If I haven't told you yet, Melissa has been in the hospital for a few days.
Tuesday afternoon, Melissa was admitted to the hospital. For the past month, she has been bruising without apparent cause (she's self-admittedly clumsy at times, so she didn't think too much of it) and getting really bad nosebleeds, sometimes lasting up to an hour. We made a doctor's appointment for the first available time (in two weeks, of course )
The night before her doctor's appointment, she fainted. She told me she felt light-headed and, though she's never fainted before, felt like she might. I caught her and lowered her down to the ground as she blacked out. After a few seconds she was conscious again. We decided, with the help of my sister (who is a nurse), to wait until the next day and go to her appointment instead of heading to the ER.
The next day, talking to a nurse while signing in at the Doctor's office, we were told to go across the street to "Urgent Care" because that's all the doctor would tell us to do after he heard she had fainted. Urgent Care seems to be like an ER-lite. They got her in pretty fast, checked her out and took some blood. We waited around for an hour to get the blood work back and found out she was severely anemic. (which is what we expected) As we were headed out of Urgent Care on our way to the hospital, Melissa fainted again. She was already sitting, but this time it took a little while longer for her to regain consciousness. The doctor's and I moved her to the bed and they called an ambulance to move her to the hospital (which is, again, right across the street)
In the hospital they took more blood, ran more tests, and started her on a blood transfusion and iron supplements. The hematologist came and told us that it thought it might be ITP (Idiopathic thrombocytopenic purpura) which is a big, long word that means she's bruising, has a low blood platelet count, and they don't know why. Commonly, it's immune related, so her own body might be eating up the platelets that it's making. They started her on an IVIG drip (Intravenous immunoglobulin) and Prednisone (a steroid) to suppress her immune system. They also gave her a couple units of platelets through an IV, to try and boost hers.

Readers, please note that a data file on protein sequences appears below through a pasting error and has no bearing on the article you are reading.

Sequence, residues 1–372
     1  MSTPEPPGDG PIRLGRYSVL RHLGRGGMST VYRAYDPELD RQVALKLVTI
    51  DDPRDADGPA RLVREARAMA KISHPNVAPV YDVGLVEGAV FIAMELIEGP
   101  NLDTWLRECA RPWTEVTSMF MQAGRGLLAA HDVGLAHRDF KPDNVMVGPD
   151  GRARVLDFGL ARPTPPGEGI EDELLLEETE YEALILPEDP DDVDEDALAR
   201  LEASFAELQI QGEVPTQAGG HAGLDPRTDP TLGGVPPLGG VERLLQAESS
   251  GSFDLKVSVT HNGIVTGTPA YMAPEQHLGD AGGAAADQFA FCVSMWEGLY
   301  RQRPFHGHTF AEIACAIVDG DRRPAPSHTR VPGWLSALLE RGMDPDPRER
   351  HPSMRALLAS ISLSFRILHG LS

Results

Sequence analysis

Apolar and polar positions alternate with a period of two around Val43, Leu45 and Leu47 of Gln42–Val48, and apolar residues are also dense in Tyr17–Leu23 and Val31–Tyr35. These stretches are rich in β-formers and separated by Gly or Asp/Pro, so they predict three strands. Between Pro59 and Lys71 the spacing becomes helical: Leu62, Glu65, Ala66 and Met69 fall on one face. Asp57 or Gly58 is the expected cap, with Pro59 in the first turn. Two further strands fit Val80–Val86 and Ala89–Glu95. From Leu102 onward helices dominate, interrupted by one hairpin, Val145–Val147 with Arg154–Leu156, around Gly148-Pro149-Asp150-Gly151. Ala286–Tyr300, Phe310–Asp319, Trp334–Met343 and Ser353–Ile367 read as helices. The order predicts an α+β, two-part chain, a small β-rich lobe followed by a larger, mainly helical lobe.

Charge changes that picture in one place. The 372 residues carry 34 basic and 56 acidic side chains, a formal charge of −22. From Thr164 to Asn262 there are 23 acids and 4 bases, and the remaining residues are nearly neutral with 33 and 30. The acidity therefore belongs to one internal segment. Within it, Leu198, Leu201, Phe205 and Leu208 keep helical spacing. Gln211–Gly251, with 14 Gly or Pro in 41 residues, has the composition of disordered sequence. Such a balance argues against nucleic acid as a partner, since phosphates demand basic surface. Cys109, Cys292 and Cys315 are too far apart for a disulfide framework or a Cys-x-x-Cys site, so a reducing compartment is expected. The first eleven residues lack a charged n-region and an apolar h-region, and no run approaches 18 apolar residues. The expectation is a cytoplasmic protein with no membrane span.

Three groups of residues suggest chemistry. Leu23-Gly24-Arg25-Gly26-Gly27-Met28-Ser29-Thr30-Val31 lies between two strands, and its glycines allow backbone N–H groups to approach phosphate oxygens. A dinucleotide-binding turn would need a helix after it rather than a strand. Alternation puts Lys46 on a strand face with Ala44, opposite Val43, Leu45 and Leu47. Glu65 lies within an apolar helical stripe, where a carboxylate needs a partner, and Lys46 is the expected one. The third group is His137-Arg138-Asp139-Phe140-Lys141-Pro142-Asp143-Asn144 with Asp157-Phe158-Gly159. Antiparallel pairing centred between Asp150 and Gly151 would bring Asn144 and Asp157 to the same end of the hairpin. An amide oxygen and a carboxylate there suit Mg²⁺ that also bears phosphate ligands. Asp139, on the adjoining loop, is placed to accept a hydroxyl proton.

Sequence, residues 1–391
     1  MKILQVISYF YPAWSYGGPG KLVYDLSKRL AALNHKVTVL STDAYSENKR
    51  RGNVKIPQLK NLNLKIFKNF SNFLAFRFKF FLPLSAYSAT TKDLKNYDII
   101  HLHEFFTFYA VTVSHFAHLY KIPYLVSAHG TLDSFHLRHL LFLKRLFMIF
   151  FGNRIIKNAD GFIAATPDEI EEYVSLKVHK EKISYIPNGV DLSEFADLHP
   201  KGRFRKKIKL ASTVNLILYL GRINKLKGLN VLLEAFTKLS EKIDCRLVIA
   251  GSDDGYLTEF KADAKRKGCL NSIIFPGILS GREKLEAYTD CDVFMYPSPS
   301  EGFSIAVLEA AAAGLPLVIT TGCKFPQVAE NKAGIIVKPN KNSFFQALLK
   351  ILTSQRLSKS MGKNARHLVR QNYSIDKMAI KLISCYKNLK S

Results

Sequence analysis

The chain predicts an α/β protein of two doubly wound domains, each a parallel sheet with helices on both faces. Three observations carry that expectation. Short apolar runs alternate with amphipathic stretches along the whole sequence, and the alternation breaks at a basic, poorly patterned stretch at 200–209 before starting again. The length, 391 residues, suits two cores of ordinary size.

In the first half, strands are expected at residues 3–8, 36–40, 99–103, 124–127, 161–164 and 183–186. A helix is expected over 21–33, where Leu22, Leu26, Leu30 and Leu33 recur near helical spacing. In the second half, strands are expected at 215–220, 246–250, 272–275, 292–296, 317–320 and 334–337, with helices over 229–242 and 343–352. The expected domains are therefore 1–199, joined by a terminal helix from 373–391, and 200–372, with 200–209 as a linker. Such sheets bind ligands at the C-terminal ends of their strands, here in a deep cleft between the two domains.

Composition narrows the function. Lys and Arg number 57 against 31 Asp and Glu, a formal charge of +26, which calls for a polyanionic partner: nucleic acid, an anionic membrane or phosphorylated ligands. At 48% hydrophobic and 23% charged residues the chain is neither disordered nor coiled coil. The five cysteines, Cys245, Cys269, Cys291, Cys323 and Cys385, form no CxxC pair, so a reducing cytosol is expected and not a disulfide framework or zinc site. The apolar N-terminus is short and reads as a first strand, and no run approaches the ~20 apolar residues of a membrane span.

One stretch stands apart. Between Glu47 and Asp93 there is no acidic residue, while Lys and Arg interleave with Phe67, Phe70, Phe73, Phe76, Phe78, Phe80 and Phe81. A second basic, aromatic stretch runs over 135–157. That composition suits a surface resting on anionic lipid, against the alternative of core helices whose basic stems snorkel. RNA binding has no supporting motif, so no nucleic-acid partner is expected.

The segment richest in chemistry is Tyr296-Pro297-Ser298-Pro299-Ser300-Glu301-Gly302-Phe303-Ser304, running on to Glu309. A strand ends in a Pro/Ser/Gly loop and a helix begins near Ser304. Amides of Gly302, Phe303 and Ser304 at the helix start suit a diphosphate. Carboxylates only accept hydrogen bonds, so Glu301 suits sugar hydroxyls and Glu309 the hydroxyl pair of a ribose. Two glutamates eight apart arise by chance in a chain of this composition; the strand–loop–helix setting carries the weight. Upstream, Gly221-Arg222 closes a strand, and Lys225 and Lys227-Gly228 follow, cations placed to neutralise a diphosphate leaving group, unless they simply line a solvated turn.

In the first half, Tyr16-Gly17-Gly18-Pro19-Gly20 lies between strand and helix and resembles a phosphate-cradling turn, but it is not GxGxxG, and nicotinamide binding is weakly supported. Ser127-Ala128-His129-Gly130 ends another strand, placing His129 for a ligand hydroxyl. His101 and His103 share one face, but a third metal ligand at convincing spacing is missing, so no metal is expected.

This morning, she was feeling a lot better. She was sitting up while eating, and not feeling dizzy. She ever walked around the floor, which is about 100 times farther than she was able to walk the previous day. Strangely, her platelet count wasn't rising from the treatment as it should have, so they think it might be a similar, but different thing called TTP (Thrombotic thrombocytopenic purpura) - and they wanted to do a bone marrow biopsy for diagnostic purposes and start her on Plasmapheresis, which is basically taking out her blood and putting it through a sort-of dialysis machine to take out the plasma & mix the rest of the blood with fresh, clean plasma before putting it back in her. They didn't have the big machine to do the Plasmapheresis at this hospital (They're a pretty small, but very nice hospital) so in the afternoon they moved her down the road to a bigger hospital.
Right before I left, at the end of visiting hours, they were re-doing the blood screening (I guess they can't take the other hospital's word that she's O positive - they have to find out for themselves) and as soon as they got the results from that, they would start the first round of Plasmapheresis.
The funny thing about these disorders is that the only way you can tell which one you have is by what treatment they respond to. There's no test that says "okay, you have this." So it's a little maddening, just waiting around and trying to figure out what's wrong.
Melissa is generally in good spirits. She's really being a pretty good sport in light of all the needle-poking, and bitchy nurses (that's a WHOLE other story.) Her mom and one of her sisters are flying in from Seattle (actually, they just landed at O'Hare) to be with her. I took off of work and have been with her as much as the nurses have let me.